An employee at a soap manufacturing plant died in a flash fire outside the facility's hydrogenation building. Responding personnel encountered a fire at the base of the plant's hydrogen storage towers, and they found the victim, who was burned over 90 percent of his body, some 50 feet away.

Officials determined that a pipe connection failed and that hydrogen, pressurized at 1,800 psi, ignited when it was released into the atmosphere, killing the plant operator.

According to reports, the pipe connection failure stemmed from pressures higher than design tolerance, which in turn were the result of over tightening that occurred during routine maintenance replacement. The new bolts were stronger than those they replaced, and the threads of the nuts had been partially corroded with age.

This combination of factors led to the failure and the flash fire. The facility's automatic detection system and wet pipe sprinkler system were not factors in the fire. When the plant's emergency response team arrived, it directed two monitor nozzles on the fire scene and the hydrogen towers. Responding fire companies added a third nozzle stream when they arrived at 11:50 am. The combined forces knocked down the fire in just over one-half hour.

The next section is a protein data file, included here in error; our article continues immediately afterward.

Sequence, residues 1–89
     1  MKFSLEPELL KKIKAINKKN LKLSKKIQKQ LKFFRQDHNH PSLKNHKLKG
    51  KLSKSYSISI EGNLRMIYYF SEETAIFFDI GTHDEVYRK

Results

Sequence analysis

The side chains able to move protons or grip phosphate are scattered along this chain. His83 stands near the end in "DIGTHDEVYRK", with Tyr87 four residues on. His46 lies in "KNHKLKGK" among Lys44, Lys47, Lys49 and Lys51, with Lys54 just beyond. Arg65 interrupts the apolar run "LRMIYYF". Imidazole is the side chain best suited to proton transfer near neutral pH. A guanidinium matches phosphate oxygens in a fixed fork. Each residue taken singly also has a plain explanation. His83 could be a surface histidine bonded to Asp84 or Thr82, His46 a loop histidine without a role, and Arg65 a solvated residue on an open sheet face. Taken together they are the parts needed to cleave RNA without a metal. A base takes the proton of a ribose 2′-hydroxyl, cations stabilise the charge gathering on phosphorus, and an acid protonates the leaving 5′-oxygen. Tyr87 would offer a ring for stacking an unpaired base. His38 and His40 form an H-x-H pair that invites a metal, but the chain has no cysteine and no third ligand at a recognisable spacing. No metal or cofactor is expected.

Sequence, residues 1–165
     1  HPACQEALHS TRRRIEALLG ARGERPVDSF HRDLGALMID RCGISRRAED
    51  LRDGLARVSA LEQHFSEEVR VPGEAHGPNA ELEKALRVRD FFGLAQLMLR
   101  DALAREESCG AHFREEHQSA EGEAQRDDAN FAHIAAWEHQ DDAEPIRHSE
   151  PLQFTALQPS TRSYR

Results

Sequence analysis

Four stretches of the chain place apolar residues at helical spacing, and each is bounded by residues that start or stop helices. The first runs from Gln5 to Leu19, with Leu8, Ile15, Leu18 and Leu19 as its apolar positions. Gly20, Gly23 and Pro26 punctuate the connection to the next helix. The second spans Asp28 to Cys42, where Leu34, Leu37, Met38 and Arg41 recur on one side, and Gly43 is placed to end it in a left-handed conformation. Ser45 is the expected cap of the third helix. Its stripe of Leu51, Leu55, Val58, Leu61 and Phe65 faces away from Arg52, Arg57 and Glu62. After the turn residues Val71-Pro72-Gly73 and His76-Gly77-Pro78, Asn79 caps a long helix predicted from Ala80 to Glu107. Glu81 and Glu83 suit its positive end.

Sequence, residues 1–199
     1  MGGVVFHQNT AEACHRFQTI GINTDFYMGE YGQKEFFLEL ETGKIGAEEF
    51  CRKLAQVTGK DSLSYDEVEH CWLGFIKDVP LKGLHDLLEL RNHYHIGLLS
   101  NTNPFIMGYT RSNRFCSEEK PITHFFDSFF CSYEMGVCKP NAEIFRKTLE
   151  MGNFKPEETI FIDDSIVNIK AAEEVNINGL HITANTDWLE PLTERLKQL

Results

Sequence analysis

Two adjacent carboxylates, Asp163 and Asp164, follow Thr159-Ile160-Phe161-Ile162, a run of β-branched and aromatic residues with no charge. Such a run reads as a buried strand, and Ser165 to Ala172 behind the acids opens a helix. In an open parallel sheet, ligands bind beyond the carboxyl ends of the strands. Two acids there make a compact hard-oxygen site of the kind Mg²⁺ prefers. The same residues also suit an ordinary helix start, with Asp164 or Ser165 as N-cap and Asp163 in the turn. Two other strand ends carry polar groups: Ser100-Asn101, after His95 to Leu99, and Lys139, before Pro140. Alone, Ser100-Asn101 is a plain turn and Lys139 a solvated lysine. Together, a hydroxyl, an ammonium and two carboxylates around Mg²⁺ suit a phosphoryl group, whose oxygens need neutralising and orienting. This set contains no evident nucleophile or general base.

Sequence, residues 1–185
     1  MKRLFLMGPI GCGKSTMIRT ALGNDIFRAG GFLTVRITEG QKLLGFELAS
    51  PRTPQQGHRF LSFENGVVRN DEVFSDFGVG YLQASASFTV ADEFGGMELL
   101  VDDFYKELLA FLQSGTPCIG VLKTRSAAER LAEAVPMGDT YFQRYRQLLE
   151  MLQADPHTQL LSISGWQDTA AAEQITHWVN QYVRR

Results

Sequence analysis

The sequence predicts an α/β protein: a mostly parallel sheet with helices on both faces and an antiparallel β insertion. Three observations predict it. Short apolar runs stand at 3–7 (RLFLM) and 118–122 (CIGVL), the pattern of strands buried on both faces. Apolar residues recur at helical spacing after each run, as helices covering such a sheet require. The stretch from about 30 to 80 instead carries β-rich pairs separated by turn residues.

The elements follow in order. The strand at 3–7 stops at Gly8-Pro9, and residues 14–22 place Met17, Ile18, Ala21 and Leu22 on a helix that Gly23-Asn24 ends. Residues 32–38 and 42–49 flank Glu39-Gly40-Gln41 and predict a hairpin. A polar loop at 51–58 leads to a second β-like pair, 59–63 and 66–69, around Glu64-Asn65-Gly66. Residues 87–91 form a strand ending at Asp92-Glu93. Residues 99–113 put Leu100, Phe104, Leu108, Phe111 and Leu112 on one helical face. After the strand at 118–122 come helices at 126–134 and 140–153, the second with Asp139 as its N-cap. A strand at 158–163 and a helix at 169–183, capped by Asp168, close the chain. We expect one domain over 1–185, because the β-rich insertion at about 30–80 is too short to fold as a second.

Damage was estimated at $250,000.

Incident Date
Aug 01, 1991
Damage and Injuries
When Incident Discovered
Lessons Learned

Routine maintenance activities on pressurized hydrogen systems should be conducted per written design specifications. The procedures should provide detailed oversight regarding bolt, nut and fitting replacements or repairs. A formal review process should be required to ensure that the maintenance was performed according to the written specifications, and that the hydrogen system will continue to function as designed until the next scheduled maintenance activity.